Last night I took a group of kids ranging in age from 10-13 to see Into the Woods. My thoughts on the movie are below, roughly divided into two sections: thoughts during and immediately following watching and later after I read a few other reviews and looked up info about its source material. Caution: spoilers!

Initial thoughts: The songs were fantastic!

The kids I took were confused by the part in the story when Prince Charming and the Baker’s Wife kiss.

Well, who wouldn’t be?

There was a bit of foreshadowing for this (e.g. “A Very Nice Prince” performed by Cinderella and the Baker’s Wife) but not much. I kept thinking that if the storytellers were going to go down that road then I needed to see how horrible the relationship between the Baker and his wife was — bc it wasn’t! The only reason I went along with this plot point was bc of the Baker’s Wife’s line: “This is ridiculous. What am I doing here? I’m in the wrong story” which alerted me to the fact that the story was about to go off the rails.

At the time, I thought that making the Baker’s Wife “sin” was a story choice made to make her less sympathetic, which then made her necessary death less sad.

(Despite the Baker’s Wife’s faults, I thought she was a sympathetic character. I thought her death was necessary bc it had to happen in order for her husband to have that moment when he decided to be a better father than his father had been when he had abandoned him.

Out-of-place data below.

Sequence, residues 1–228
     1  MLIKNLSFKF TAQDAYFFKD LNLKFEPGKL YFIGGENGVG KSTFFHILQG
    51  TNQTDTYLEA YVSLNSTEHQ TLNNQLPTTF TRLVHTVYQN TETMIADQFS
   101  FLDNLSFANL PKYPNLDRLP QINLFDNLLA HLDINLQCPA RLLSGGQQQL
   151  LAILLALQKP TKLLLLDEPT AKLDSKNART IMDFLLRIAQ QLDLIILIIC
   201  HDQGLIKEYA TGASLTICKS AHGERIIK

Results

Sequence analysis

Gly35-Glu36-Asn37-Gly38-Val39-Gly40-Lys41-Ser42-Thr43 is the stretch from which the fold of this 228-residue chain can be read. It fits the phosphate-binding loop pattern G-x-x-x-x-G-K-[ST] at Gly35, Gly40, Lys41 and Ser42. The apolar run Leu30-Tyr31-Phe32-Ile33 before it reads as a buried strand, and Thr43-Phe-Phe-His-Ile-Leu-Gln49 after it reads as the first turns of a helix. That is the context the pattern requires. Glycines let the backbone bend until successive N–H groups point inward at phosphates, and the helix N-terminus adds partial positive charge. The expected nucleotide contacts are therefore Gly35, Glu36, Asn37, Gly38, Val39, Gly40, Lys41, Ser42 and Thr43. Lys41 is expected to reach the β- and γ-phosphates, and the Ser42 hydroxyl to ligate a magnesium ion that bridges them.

I also wondered if the storytellers thought the Baker’s Wife had it coming to her even BEFORE she kissed Prince Charming. After all, she was the one who lied to Jack about getting Milky White back, cut and stole Rapunzel’s hair, and attacked Cinderella. Not that I think death should be the consequence of those things, but it was a fairy tale after all. And fairy tales ALWAYS have extreme consequences for poor decisions. Isn’t *that* their true purpose? ;-) )

But I came to think that what that scene was REALLY about was “be careful what you wish for.” (Duh).

Later thoughts: The movie’s screenplay was written by James Lapine based on the Tony-award winning musical by Stephen Sondheim and James Lapine, a version of which is still playing off-Broadway at the Laura Pels Theater. My understanding (based on what I read, partial list of links below) is that the playwrights took a bunch of fairy tales, mashed them up in a great big ball (Act I) and then exploded them (Act II) in order to explore various themes: wish fulfillment, growing up/path to maturity, parents and children, blame, responsibility, and HEA versus reality.

See:

STAGE VIEW: Sondheim’s Winding Paths